13 Questions with Lauren Pollaro, Jewelry Artist
Born in Brooklyn, NY in 1962, Lauren Pollaro comes from a family of accomplished artists. She earned her degree in Fine Art from the University of New Hampshire and soon after graduating became involved in the graphic arts as an art director for several magazines. She has been working as a jewelry artist for over twenty years, evolving to include wall sculpture in the past ten years.
We wanted to get to know her better so we asked her a few probing questions. You can meet Lauren in person at the Art Providence Show in the Rhode Island Convention Center November 8-10.
What do you love most about making your work?
I love that my pieces are one-of-a-kind and mixed media. This allows me so much freedom in designing my work. I love color, pattern, texture, form, line, etc, and to be able to combine these elements in a piece is inspiring to me!
Tell us about your creative process. How do you decide what to make/do when you go into your studio?
I first have to decide which "category" I'm working in on a given day. Is it a day to fabricate metal and create the basic forms of the pieces whether they be earrings, brooches, necklaces or is it a day just for enameling in order to make the enameled elements that go into those metal forms. And then there's the assembling day when everything comes together (my favorite). On this day the pieces come to life and are completed.
Who or what has had the most influence on your work?
I have to credit the art jewelry movement as a whole. I feel empowered by the so many innovative approaches jewelry artists have to their work, the risks they take and the unexpected materials that are used.
What sets your work apart from that of others in the same category?
It's very important to me to create work that is original and expresses my "voice". Though I'm inspired by what others are doing (in all mediums actually) my intention is to translate what influences me into my own, recognizable design.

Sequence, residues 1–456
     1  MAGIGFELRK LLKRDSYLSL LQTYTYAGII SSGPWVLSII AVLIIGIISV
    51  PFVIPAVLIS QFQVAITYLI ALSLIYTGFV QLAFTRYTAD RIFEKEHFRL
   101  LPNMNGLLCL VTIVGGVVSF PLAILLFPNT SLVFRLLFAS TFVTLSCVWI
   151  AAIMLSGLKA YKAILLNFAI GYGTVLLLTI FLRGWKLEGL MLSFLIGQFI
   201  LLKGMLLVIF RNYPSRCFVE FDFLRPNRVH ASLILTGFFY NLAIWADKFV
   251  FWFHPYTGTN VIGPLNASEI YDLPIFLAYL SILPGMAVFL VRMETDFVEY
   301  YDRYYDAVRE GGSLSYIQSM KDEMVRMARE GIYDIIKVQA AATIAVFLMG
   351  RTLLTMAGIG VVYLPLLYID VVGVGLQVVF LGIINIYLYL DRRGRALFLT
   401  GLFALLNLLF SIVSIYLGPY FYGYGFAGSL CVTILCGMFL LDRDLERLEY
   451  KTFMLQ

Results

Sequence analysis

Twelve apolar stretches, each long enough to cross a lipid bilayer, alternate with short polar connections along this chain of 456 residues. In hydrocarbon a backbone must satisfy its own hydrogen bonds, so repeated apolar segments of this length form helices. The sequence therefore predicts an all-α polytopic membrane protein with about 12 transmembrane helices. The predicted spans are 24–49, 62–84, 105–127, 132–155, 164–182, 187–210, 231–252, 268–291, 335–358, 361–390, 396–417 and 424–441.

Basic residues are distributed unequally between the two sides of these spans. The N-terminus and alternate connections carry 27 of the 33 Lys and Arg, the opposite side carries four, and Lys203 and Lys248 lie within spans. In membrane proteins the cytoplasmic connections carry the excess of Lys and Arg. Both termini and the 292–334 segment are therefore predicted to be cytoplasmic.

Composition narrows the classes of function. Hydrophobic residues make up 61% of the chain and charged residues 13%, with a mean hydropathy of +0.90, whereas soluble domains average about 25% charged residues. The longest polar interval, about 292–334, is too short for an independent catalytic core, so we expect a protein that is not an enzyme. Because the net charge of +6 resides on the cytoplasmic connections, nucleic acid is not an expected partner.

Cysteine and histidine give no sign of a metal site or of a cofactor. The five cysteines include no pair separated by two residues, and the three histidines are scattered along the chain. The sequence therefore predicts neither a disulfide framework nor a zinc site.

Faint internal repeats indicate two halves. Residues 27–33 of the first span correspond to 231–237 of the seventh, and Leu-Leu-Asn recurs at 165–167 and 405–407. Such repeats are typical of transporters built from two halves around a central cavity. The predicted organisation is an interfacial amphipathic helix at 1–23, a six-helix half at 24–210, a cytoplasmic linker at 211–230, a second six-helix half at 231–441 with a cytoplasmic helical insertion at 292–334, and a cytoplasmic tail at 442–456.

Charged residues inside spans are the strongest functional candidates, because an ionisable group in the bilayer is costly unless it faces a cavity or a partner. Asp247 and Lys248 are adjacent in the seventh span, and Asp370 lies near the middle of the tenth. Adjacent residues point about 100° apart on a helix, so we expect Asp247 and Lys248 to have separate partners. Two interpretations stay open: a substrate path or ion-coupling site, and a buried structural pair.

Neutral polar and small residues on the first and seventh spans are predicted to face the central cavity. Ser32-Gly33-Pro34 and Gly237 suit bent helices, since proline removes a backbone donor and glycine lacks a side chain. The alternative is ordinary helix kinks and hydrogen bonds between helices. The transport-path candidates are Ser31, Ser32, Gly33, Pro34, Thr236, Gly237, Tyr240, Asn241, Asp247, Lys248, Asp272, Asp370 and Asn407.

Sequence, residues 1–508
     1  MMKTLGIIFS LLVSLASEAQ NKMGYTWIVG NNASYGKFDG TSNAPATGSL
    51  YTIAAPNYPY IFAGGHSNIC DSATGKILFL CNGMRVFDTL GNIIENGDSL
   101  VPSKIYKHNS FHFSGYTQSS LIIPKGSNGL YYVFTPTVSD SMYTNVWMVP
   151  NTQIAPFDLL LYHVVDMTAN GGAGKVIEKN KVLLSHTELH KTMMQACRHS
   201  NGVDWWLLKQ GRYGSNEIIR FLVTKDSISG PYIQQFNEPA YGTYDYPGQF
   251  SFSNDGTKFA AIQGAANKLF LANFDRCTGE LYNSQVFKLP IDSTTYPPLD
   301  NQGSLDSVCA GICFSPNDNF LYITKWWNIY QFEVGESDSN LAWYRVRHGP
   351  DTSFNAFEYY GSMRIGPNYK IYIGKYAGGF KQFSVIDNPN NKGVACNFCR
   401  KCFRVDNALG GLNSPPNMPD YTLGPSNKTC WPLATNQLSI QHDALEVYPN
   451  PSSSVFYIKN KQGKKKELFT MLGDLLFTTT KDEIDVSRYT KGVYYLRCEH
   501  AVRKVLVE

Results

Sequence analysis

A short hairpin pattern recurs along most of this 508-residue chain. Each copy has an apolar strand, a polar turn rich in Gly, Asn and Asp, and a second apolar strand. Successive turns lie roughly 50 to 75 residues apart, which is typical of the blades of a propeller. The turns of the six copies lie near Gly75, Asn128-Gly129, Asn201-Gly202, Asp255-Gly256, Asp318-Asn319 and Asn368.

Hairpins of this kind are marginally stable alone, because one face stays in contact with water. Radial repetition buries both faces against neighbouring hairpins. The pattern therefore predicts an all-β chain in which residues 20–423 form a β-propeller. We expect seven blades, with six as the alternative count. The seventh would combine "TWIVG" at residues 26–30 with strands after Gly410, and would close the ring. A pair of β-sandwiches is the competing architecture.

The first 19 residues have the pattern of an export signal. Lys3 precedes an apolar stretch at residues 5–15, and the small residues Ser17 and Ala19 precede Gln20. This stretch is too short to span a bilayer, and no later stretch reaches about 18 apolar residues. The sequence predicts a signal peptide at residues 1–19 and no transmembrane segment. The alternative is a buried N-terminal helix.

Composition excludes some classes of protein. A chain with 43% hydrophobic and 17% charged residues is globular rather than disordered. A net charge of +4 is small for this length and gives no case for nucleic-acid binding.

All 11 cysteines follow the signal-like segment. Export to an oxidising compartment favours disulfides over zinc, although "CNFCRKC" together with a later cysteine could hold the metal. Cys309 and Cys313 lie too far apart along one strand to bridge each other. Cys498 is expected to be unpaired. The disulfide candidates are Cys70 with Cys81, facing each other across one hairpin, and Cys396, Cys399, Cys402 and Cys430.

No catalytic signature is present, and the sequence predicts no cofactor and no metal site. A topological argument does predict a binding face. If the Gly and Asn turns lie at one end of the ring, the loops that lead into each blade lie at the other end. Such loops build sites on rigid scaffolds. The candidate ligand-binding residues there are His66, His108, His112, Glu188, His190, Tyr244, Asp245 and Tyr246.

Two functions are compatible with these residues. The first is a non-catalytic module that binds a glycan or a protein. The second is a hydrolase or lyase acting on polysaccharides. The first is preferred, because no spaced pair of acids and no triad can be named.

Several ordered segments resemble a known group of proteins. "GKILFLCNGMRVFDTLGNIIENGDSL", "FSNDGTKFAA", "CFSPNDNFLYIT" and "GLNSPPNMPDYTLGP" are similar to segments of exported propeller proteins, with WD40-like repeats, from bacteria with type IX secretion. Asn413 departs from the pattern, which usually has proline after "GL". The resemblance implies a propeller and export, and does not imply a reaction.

Current Playlist - what do you listen to while making your work?
I've become crazy about podcasts!! The conversations keep me company and I don't need to respond! I've made "friends" with the podcasters and I learn so much. Of course, I love the favorites "Fresh Air", "How I Built This,” etc. but I especially love podcasts on knitting and "making" in general. Those that talk about living a creative life. P.S. Audio books are a close second to podcasts.
If you had to have a regular job what would it be or what is it?
I've been working on my own for 30 years and built my business from nothing, really. And art has always been a part of my life. That's not to say I haven't had a real job (art director for a mag). So.....if I had to go back to it, it would be in the arts. Working in a gallery?
What are you binge-watching at the moment?
British mysteries all the way!
What’s your favorite travel destination?
Cities of Italy and/or Amalfi coast. Also love Canada....nearby Quebec City and Montreal.
Who is a famous artists dead or alive that you’d like to meet? Why?
Bob Ebendorf is very much alive and I could meet him! He seems to have a kind spirit and he's one who launched art jewelry (IMHO)
What’s your philosophy on keeping craft alive?
I think that it's important for all of us who are craftspeople to be advocates for what we do. Social media is a tool that we have now (especially since it's geared toward the younger generations). And not only the nice images of what we do but why we do it.
What’s your favorite beverage to enjoy when the show is over?
What’s the funniest thing that’s ever happened to you at a show or in your studio?
Something flying out of my hands while sanding and landing directly in a cup of tea…
What’s the biggest honor you’ve ever received related to your craft?
My work being published in Art Jewelry Today.